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Young Naturalist Researches River Contaminants

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Joshua collected water samples from Strawberry River in Arkansas to look for the presence of fecal contaminants. 

Photo courtesy of Joshua. 


Seventeen-year-old Joshua had fond memories of swimming in Arkansas’s Strawberry River, a popular site for community gatherings and picnics. But after the construction of a wastewater treatment facility upstream, no one would enter the waters. “The wonderland where I spent so many hours as a child is deserted now, and nobody swims or fishes in that section of the river,” Joshua would later write. “I decided to find out for myself if the [facility] had indeed contaminated the water, or if the community had overreacted.”

Hypothesizing that the water was unsafe for swimming and wading due to contamination, Joshua tested the water in various sites along the river over the course of a year—a project that led to Joshua’s essay An Evaluation of Fecal Contamination in Strawberry River, for which he received a 2011 Young Naturalist Award.

Joshua evaluated the risk of water-related illness in the river by measuring the amounts of Escherichia coli in the water, as well as Enterococcus faecalis, intestinal microbes that can be harmful to humans. While E. coli testing can measure fecal pollution, E. faecalis is better at distinguishing between human and animal feces because it is found primarily in humans and chickens rather than in all warm-blooded animals. Joshua also took note of the climate, topography, land use, and potential animal fecal contaminators around Strawberry River in order to see the full picture of its apparent pollution.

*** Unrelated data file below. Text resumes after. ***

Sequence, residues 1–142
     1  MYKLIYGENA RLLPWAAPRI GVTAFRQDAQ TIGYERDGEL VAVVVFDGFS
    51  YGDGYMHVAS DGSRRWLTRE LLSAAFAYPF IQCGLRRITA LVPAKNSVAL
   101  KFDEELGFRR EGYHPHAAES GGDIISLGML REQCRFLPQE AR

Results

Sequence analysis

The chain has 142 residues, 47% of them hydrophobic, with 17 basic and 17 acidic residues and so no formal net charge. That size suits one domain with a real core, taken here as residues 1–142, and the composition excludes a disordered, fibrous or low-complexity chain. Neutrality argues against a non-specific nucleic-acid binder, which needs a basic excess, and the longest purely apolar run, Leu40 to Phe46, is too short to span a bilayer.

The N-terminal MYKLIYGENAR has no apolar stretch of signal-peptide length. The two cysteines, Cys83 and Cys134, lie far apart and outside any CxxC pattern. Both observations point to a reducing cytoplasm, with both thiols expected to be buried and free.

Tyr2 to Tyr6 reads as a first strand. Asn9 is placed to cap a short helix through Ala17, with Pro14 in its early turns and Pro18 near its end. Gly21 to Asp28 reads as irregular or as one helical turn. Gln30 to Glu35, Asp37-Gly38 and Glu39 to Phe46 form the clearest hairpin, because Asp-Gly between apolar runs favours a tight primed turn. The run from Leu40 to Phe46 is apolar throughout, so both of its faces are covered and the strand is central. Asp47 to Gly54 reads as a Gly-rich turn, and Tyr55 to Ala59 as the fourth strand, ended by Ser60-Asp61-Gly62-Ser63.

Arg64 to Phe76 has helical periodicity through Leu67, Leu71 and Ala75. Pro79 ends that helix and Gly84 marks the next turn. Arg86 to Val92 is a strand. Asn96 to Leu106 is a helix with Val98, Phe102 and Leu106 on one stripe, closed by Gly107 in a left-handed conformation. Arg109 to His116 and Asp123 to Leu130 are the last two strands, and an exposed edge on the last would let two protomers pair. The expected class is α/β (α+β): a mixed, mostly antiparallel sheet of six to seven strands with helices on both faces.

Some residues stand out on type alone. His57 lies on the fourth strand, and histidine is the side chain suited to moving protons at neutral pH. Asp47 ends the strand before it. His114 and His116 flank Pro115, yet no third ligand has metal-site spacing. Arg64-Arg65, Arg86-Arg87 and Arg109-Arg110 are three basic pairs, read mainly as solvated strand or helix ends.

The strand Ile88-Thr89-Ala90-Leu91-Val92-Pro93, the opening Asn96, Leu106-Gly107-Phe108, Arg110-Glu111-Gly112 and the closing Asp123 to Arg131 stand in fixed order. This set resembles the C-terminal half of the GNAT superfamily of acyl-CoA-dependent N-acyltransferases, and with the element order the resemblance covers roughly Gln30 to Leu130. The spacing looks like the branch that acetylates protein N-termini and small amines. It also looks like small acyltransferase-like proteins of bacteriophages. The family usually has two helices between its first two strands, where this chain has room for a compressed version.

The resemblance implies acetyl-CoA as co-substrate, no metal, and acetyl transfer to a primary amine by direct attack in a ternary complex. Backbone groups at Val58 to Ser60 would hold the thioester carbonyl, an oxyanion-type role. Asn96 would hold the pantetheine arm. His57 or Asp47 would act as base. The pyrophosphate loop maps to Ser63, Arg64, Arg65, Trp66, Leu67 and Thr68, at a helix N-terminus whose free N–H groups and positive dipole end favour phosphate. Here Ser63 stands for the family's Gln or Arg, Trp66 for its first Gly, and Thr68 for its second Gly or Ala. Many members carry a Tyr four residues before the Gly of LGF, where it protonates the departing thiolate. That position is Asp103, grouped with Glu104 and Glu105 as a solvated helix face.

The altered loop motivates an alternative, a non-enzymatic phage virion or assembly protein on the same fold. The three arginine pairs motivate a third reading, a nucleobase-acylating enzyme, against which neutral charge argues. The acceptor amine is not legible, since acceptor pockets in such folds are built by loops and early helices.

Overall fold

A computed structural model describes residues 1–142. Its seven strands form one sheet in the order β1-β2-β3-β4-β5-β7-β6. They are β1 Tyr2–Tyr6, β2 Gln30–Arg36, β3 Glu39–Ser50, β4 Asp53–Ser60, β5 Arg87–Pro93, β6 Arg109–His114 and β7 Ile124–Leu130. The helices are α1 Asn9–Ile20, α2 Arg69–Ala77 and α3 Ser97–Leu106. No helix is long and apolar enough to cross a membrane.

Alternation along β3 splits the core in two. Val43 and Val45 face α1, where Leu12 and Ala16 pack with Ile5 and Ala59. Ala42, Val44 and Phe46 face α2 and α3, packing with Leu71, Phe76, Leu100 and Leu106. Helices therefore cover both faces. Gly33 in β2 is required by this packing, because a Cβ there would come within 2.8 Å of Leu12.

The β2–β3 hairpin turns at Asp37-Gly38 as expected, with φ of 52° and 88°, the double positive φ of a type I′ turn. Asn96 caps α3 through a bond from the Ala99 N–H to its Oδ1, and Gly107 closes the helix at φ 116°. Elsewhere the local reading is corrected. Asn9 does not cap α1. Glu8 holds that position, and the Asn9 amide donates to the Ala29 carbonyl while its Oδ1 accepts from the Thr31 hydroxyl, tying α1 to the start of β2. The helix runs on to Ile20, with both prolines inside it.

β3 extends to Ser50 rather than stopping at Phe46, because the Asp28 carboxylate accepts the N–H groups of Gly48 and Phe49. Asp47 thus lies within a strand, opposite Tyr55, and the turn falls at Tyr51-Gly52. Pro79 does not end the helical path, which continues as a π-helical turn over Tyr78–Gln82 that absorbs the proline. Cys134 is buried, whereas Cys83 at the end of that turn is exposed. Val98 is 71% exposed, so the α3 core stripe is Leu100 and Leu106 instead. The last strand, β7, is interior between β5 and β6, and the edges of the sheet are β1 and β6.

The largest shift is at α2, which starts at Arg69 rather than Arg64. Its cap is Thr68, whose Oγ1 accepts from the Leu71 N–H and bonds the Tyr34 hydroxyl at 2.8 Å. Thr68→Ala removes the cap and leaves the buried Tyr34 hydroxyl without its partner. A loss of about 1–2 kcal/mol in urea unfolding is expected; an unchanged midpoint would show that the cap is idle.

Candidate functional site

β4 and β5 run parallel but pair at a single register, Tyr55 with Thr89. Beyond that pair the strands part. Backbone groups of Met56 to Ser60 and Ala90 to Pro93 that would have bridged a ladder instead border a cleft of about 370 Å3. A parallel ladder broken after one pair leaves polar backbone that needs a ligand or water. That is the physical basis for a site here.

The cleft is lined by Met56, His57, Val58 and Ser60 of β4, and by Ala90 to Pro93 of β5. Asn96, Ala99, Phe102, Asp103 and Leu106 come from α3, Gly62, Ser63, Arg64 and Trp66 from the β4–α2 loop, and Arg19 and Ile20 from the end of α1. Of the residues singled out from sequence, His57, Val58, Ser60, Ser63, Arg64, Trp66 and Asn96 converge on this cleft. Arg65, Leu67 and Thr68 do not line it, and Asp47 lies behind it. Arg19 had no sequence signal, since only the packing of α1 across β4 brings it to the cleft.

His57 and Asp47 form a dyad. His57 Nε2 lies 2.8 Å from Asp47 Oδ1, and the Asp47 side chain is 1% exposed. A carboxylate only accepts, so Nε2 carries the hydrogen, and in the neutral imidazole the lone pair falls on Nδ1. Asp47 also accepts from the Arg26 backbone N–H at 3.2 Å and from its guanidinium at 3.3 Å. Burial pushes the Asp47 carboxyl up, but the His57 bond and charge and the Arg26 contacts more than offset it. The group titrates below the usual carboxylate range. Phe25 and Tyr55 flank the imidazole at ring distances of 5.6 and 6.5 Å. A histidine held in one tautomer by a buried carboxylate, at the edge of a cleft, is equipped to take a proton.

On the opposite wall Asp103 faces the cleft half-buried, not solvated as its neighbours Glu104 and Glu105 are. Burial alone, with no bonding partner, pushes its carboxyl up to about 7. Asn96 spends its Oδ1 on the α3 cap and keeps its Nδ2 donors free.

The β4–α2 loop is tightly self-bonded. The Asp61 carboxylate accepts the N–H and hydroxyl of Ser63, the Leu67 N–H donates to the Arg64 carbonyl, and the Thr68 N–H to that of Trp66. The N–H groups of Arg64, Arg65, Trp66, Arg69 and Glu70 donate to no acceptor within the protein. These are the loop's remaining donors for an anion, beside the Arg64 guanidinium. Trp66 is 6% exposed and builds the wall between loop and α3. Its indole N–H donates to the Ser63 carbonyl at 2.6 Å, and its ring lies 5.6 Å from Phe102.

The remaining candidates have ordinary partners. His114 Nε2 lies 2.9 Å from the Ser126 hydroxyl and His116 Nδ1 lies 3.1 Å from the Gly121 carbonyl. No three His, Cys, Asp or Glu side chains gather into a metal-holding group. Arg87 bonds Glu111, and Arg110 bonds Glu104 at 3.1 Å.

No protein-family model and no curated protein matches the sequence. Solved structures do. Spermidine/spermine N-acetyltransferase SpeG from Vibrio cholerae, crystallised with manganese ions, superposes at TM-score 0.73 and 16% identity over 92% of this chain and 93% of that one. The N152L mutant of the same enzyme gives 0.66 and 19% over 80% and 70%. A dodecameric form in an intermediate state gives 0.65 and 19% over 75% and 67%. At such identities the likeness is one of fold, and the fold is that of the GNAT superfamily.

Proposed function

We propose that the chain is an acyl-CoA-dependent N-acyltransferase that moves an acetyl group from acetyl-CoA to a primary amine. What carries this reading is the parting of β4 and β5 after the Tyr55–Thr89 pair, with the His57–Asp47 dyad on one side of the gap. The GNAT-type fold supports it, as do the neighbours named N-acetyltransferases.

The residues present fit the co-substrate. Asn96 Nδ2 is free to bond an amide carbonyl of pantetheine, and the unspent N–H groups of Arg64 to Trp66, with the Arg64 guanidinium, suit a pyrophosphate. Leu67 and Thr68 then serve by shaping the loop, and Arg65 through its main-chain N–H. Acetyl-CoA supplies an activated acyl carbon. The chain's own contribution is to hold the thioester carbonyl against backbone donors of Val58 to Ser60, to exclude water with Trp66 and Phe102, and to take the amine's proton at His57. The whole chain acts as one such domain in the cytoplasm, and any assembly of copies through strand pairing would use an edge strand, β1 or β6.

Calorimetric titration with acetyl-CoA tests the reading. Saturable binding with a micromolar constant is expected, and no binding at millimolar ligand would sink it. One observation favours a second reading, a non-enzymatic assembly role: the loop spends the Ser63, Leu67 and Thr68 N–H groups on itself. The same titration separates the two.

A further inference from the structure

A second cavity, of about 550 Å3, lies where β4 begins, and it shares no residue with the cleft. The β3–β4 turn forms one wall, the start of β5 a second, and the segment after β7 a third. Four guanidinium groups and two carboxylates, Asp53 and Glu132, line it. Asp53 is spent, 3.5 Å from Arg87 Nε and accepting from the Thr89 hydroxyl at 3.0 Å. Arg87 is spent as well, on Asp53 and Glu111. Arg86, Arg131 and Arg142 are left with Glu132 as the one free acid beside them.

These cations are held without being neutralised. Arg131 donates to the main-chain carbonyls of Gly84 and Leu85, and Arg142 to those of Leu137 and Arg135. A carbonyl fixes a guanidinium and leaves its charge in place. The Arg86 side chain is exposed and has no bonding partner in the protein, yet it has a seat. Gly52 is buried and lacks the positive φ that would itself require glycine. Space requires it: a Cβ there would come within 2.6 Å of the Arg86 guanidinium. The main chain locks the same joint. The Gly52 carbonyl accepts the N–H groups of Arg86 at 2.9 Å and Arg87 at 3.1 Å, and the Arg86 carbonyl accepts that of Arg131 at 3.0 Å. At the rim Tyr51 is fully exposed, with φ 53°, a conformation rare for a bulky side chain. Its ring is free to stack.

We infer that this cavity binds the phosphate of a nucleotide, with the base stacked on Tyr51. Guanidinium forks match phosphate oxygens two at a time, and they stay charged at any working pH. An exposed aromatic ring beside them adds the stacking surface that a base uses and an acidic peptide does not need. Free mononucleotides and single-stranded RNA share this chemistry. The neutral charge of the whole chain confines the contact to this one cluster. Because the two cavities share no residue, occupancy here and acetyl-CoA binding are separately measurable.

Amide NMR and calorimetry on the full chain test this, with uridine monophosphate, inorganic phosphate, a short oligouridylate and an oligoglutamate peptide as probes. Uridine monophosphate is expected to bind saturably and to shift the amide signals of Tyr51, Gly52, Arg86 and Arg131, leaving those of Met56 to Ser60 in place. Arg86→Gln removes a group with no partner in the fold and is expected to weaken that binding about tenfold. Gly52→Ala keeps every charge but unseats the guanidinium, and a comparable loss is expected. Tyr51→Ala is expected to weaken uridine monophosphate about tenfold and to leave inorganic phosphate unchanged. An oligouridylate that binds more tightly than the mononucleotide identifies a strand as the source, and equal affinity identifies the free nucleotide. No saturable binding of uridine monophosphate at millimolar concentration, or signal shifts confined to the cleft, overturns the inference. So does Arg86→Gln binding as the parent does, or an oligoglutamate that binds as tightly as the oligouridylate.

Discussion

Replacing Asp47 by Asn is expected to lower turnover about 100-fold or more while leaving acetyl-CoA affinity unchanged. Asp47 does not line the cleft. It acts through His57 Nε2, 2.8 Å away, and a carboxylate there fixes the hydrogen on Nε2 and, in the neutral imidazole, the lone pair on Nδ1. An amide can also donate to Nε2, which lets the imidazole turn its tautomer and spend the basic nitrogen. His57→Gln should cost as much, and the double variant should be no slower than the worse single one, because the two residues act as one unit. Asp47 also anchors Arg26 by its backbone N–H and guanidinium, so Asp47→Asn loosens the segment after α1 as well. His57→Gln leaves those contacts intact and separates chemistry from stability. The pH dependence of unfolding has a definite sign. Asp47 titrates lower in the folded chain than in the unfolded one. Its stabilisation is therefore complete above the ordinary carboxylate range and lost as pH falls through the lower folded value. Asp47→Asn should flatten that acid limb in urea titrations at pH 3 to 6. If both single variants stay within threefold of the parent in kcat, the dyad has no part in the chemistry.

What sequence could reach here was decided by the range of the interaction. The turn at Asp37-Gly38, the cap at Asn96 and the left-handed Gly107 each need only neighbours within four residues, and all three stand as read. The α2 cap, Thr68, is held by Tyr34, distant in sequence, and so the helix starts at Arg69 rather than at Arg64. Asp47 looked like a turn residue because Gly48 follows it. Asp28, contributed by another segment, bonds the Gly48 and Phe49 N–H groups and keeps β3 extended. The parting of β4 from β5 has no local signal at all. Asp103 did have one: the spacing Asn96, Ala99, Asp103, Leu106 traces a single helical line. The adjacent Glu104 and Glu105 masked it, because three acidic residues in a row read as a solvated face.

Joshua’s samples supported his hypothesis, revealing the water did not meet swimming and wading safety standards. Furthermore, E. faecalis provided a more consistent test result for fecal contamination than E. coli in his experiment.

Joshua’s research isn’t over yet. He has been continuing the investigation throughout 2011 to understand seasonal fluctuations in river contaminants, so that he can gauge whether swimmers face a higher risk of illness at the time of year when swimming becomes a popular pastime.

The Young Naturalist Awards is a nationwide, science-based research contest for students in grades 7 through 12 presented by the Museum. To learn more and to submit your own project, visit amnh.org. The deadline for the 2012 contest is March 9, 2012.

The Young Naturalist Awards are proudly supported by Alcoa Foundation.

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